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The Tufts Daily
Where you read it first | Wednesday, April 17, 2024

Religious students explore off-campus options


Tufts is home to students and faculty with a broad spectrum of faiths. It is this diversity that has driven Tufts chaplaincy to provide members of every faith with the representation and resources they need.

Tufts’ religious population has access to three main centers of worship on campus: Goddard Chapel, Hillel and the Interfaith Center. To accommodate the many different kinds of prayer and ceremony, these religious centers are often used flexibly, according to Gregory McGonigle, the University Chaplain of Tufts.

“The numbers and variety of spiritual life programming at Tufts are truly astounding -- at least 20 regular gatherings that take place every week, plus many one-time gatherings,” McGonigle said. “We also open our spaces to related social justice, educational and musical programming.”

McGonigle noted, however, that the religious spaces on campus cannot always fill all the needs of every group on campus.

“Capacity for programming really depends on the type and community,” he said. “If it is a religious minority on campus, there might be smaller numbers, but for high holidays of various faiths we are often at capacity or need overflow spaces.”

McGonigle also acknowledged that the nature of Tufts’ religious spaces creates difficulties for certain groups, most notably Tufts’ Muslim population.

“The main issue we have been facing recently is finding appropriate, accessible and consistent space for Muslim prayer every day throughout the day,” McGonigle said. “Our growing Muslim community uses our beautiful Interfaith Center for Jumah prayers on Fridays, but if someone only has 15 minutes between classes, it is not always easy to go to 58 Winthrop Street, pull out prayer rugs, wash, pray, put rugs away and get back to class on time.”

Lauren Samuel, a sophomore, is an observing Coptic Christian. As the only Coptic Christian on campus (as far as she knows), she sought to look off-campus for places of worship.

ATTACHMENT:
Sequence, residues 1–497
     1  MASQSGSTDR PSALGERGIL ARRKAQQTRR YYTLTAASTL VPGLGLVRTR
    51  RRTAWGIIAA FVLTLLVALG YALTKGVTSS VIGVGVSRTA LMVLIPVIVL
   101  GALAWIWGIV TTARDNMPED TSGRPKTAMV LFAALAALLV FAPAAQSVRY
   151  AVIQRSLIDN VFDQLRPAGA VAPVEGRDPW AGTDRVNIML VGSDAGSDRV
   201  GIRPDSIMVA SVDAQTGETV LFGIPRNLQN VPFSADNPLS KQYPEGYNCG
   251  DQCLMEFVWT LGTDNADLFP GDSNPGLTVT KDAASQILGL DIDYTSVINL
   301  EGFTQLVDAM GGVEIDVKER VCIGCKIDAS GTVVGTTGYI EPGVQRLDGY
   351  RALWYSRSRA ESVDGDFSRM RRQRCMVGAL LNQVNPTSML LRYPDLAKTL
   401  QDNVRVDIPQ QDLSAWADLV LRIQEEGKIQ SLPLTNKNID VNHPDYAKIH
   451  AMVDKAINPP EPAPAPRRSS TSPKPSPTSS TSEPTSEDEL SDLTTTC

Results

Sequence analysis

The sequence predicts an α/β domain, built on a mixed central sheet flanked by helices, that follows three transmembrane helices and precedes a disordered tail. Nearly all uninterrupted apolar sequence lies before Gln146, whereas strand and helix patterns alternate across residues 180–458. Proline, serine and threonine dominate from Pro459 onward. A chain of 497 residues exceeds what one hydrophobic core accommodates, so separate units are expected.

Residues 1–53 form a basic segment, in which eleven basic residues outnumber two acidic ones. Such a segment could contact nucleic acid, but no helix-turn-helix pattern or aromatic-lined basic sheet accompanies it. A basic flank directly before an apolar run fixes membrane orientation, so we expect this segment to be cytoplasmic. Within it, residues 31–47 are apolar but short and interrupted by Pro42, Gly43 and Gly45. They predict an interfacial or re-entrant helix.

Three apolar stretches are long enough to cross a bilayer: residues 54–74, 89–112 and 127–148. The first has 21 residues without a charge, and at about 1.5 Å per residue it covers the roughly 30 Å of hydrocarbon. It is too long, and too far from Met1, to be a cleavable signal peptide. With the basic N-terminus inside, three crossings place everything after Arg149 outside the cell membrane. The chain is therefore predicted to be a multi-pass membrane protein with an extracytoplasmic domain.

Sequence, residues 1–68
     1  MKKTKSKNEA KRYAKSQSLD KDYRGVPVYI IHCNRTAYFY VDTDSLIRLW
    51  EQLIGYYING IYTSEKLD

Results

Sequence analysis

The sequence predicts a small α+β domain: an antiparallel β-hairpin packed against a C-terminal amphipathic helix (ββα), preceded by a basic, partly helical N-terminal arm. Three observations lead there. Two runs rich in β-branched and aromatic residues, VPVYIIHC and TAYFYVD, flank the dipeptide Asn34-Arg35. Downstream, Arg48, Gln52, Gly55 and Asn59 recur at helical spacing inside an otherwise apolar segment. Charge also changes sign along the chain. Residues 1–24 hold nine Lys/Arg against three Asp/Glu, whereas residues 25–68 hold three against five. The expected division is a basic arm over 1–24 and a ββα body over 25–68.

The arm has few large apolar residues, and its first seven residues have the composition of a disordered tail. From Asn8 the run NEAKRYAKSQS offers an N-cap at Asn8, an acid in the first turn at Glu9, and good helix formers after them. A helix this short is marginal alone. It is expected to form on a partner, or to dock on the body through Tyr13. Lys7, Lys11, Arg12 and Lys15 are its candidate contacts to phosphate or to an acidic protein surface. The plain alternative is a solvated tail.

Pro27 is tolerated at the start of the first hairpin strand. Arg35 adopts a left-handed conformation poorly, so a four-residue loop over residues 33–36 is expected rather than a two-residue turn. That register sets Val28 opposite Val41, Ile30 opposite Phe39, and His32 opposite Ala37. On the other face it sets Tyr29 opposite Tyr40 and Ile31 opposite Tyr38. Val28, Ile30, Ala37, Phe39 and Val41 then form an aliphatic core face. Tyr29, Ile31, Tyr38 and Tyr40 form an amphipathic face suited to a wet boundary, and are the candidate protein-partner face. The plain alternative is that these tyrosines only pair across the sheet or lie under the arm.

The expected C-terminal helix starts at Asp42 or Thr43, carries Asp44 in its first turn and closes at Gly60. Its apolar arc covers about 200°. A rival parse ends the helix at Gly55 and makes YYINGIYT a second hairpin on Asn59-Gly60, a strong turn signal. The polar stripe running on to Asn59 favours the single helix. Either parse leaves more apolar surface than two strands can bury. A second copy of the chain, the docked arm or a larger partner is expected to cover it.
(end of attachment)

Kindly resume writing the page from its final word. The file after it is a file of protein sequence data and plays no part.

“Finding a local church [has] been pretty hard,” she said. “There was a [Coptic Christian] church for all the Boston college students that was supposedly in Boston, but really it was in a suburb almost an hour away.”

Time restrictions and the church’s location often made it difficult for Samuel to attend.

“By total coincidence I had met a woman in Medford who attended and would give me weekly rides after picking up some students at Tufts Dental,” she said. “If I hadn't met her I would have had to catch the van that the church operates for college kids at Northeastern.”

While students like Samuel use off-campus spaces due to necessity, some use them out of preference. Reverend Allen Fairfax of Clarendon Hill Presbyterian Church says that a number of Tufts students decide to make use of their space.

“We typically have more students attend who are part of the Fletcher School of Law and Diplomacy,” Fairfax said. “Last year we had around a dozen students attend from there, half of [whom] were regular attenders.”

Fairfax believes that his church is particularly suited to the internationally-minded Tufts community.

“We have many members who work professionally in the international relations field, and our community really has a strong focus on social justice, so we are a good fit for them,” he said. “We also hold at least one international fellowship event during the winter months”.

Reverend Tess Baumberger, of the Unitarian Universalist Church of Medford, said that Tufts students form a part of her congregation as well.

“I believe we have some students who attend services during the academic year,” she said. “We also are one of the hosts for incoming first years during orientation.”

McGonigle said that relationships with these off-campus spaces are important for Tufts’ religious population.

“We encourage student, faculty and staff participation in local religious and philosophical communities, and many have congregations off campus,” McGonigle said.

In the future, McGonigle hopes to collaborate more with local religious groups, as he believes they have valuable resources to offer.

“We ... take students to retreat centers in the local area for educational and service visits to regional hubs like the Islamic Center of Boston and the Humanist Community at Harvard, and to make connections with communities that might be smaller on the Tufts campus, like for Quakers and Christian Scientists,” he said. “We have engaged with local clergy and congregations in interfaith initiatives and shared social justice issues, and we hope to do more of that.”